As we tick down the final days before the start of the festival, allow us to offer a gentle reminder that this year, New Directors/New Films has a five-film pass that gets you into any five screenings for $60 ($50 for MoMA or Film Society members, students and seniors), with the exception of the opening and closing night films Margin Call and Circumstance. Here are four themed mini ND/NF program suggestions for those with a pass already in hand or just considering one.
Opening night's Margin Call may be the film most overtly focused on work in this year's lineup, but plenty of others also intriguingly take on the way jobs and outside lives intersect. Inspector Boniface Koomsin (Yao B. Nunoo), the hero of The Destiny of Lesser Animals, is a cop in his native Ghana, but he's also entangled in illegally obtaining a passport in order to get to the U.S., a conflict that takes him down a complicated road. The dreams and aspirations of the melancholy trio of characters in Some Days Are Better Than Others stand in sharp contrast to the dead-end employments in which they're mired. Likewise, the lead in Majority defines himself by how little he puts into the job he's been given -- as the son of the owner of a construction company, he's guaranteed an easy life of inheriting the family business, though it's one that leaves him hopelessly under his father's thumb. Politeness and a sense of obligation prompt the owner of a small Tokyo printing business to take in and hire the son of an old family friend in Hospitalité, though the tight quarters lead to all kinds of awkward, amusing developments. The workers in El Velador are part of a standard industry -- maintaining a cemetery -- that stands against the larger, looming, more frightening one of Mexico's increasingly bloody drug trade.
You're never too far along in life for a change of heart, a change of perspective, a change of pace. In the German film At Ellen's Age, a 40-something flight attendant (Jeanne Balibar) breaks from the world in which she's been living after her husband leaves her for another woman. She walks out of her job and unexpectedly into activism. Another great French actress, Isabelle Huppert, plays a character striving in the opposite direction, toward conformity, in Copacabana. Her Babou is a free spirit whose grown offspring Esmerelda (played by Huppert's real-life daughter Lolita Chammah) is too embarrassed to invite her mother to her wedding. Babou decides to prove she can lead a "respectable" life by getting a job selling time shares in Belgium. Joseph (Peter Mullan), the hard-drinking, violent, hot-tempered widower in Tyrannosaur, has resigned himself to a life of loneliness and rage until he meets a woman who actually needs his support. Clemente (Bruno Odar), the deadpan center of Octubre, is also dwelling in solitude, though in his case by choice. Unfortunately for him, his comfortable routine of moneylending and partaking of the local prostitutes is interrupted by the arrival of the baby he didn't realize he'd fathered, forcing him to face the fact that you live in controlled stasis forever. And the three men of the Russian Gromozeka, a surgeon, a taxi driver and a cop, are childhood friends who each have to confront the ways in which their adult selves differ from the aspirations they had when they were teenagers in a high school band.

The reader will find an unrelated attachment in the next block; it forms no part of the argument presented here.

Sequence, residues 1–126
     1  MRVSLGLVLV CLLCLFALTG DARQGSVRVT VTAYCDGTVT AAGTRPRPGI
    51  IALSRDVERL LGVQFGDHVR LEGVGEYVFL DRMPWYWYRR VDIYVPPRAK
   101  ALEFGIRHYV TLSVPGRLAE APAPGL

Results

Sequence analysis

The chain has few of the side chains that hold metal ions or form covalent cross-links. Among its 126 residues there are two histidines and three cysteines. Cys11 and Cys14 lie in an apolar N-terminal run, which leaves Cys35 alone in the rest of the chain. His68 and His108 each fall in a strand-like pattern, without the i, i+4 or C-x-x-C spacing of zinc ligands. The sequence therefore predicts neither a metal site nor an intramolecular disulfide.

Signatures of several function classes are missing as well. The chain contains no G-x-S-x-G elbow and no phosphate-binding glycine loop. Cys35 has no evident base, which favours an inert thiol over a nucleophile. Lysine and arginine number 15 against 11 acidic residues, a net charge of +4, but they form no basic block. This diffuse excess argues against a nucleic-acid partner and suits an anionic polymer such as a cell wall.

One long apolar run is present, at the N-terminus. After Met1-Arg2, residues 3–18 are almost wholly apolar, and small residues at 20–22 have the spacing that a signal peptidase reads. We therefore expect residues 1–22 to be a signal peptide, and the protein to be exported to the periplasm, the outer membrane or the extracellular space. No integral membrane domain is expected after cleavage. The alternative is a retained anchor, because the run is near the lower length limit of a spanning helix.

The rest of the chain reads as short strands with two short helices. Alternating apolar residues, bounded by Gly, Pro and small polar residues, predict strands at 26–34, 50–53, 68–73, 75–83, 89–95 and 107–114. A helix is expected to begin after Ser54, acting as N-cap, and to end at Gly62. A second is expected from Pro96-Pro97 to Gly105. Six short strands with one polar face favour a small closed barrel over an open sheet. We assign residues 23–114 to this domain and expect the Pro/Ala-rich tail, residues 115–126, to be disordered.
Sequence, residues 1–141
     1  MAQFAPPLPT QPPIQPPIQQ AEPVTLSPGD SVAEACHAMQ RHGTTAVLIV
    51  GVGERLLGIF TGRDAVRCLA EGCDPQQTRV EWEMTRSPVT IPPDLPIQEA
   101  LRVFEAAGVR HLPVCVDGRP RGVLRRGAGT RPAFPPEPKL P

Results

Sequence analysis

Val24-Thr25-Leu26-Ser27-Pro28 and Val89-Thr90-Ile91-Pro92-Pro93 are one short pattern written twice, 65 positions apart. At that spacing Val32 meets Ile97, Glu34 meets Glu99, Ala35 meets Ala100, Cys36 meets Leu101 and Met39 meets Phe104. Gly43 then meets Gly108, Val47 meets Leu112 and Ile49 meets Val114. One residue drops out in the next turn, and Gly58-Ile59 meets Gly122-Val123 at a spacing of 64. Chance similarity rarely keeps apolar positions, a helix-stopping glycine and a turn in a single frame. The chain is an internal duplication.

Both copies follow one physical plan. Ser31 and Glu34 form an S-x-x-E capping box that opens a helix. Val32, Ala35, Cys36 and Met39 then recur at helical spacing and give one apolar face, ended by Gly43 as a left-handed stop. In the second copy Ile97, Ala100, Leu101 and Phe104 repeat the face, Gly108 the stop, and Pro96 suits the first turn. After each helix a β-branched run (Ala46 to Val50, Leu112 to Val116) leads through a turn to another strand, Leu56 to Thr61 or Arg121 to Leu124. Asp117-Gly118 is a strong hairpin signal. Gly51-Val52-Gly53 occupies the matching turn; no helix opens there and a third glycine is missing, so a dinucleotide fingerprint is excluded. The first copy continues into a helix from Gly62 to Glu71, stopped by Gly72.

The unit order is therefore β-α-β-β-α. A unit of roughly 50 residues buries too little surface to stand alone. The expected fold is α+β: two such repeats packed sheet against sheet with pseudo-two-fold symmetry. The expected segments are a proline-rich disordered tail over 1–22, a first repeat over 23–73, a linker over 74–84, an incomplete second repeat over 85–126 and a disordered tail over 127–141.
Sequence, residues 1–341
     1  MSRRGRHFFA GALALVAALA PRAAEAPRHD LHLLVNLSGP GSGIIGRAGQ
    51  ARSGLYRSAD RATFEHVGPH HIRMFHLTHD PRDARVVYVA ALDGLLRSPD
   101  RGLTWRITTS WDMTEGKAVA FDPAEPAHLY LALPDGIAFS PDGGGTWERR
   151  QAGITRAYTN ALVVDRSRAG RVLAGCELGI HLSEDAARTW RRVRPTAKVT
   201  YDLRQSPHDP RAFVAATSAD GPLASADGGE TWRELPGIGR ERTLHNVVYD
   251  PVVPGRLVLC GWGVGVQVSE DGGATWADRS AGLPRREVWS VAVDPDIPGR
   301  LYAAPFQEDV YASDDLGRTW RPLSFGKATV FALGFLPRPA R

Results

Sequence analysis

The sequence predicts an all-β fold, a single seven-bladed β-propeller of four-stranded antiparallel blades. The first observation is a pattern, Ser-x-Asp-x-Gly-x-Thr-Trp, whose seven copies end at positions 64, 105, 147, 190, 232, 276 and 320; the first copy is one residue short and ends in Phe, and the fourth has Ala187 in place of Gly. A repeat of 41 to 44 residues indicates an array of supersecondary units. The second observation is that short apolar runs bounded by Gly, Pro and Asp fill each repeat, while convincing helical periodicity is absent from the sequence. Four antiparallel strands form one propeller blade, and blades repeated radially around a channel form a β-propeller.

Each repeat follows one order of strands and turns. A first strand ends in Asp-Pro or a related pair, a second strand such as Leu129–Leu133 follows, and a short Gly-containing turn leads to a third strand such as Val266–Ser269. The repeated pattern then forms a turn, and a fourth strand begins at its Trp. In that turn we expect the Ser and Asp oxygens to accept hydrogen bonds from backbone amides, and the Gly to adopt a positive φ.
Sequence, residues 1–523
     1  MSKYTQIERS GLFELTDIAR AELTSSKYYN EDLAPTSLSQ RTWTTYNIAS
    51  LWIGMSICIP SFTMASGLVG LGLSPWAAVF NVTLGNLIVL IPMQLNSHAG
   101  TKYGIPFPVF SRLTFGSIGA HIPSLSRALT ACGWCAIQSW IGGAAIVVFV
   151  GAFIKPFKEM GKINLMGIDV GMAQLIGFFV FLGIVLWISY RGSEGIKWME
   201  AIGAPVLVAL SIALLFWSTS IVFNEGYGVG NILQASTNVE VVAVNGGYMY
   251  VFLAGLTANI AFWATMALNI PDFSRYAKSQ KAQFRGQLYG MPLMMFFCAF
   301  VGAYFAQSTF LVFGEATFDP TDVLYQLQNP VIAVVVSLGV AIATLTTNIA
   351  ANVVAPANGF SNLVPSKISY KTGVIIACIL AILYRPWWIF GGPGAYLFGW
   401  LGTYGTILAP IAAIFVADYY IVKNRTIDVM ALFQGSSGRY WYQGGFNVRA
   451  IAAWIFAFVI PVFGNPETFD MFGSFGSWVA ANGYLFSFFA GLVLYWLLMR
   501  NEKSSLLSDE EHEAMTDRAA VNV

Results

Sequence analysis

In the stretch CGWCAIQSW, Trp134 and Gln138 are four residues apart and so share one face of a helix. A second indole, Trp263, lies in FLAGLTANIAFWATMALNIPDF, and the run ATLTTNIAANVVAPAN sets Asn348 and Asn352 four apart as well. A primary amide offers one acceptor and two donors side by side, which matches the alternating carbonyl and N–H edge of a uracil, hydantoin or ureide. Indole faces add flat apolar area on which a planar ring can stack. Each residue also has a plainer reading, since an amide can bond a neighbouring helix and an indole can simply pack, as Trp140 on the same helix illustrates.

Parents and Children
This year's program is heavy in complex and often dark portrayals of parent-child relationships. The one in Pariah is defined by denial -- Audrey (Kim Wayans) simply refuses to acknowledge her daughter Alike's (Adepero Oduye) lesbianism, instead buying her girlier clothing and fixing her up with more acceptable friends. The grown twins of Incendies learn their late mother (Lubna Azabal) hid a devastating history of secrets from them about her life in the Middle East, one they must uncover. Released from prison on a day pass to attend a funeral, the fearsome protagonist of the Romanian drama Outbound tracks down estranged family and shady acquaintances in hopes of reuniting with the son she had to leave behind. The father (Emmanuel Bilodeau) in the Quebec film Curling is actually too close to his daughter (played by Philomène Bilodeau, who, as in Copacabana, is the lead's real-life child) -- he's so overprotective that he's kept her from attending school, though she's hit tweendom. And it's the absence of a parent that's the motivating spark in the French Belle Épine. Caught up in mourning her mother, unable to turn to her other family members, Prudence (Léa Seydoux) tries to lose herself in an underground world of motorcycle racers.
Small Town Stirrings
The claustrophobia and close connections of a small community are explored in different international angles in several of this year's films. Man Without a Cell Phone looks at an aimless slacker (Razi Shawahdeh) living in a small Palestinian town inside Israel and feeling constricted by his standing as an Arab living in the country and the tightness of the neighborhood. The dying Greek industrial town in which Attenberg takes place provokes its female lead to quirky self-entertainments and self-explorations as she nears adulthood. Huilotepec, the rural Mexican setting of Summer of Goliath, seems populated by the aimless members of broken families -- a woman (Teresa Sanchez) whose husband has left her, a trio of children who haven't seen their absentee father in months. Paralyzing boredom and a lack of options inform the lives of the character in Winter Vacation, who live in a small town in northern China far outside the country's economic boom. And it's the remote location in which a married couple lives in Happy, Happy that leads them to reach out to their new tenants, though opens them up to a world of problems. When you're out in the middle of nowhere, you don't have as many options when it comes to friends.
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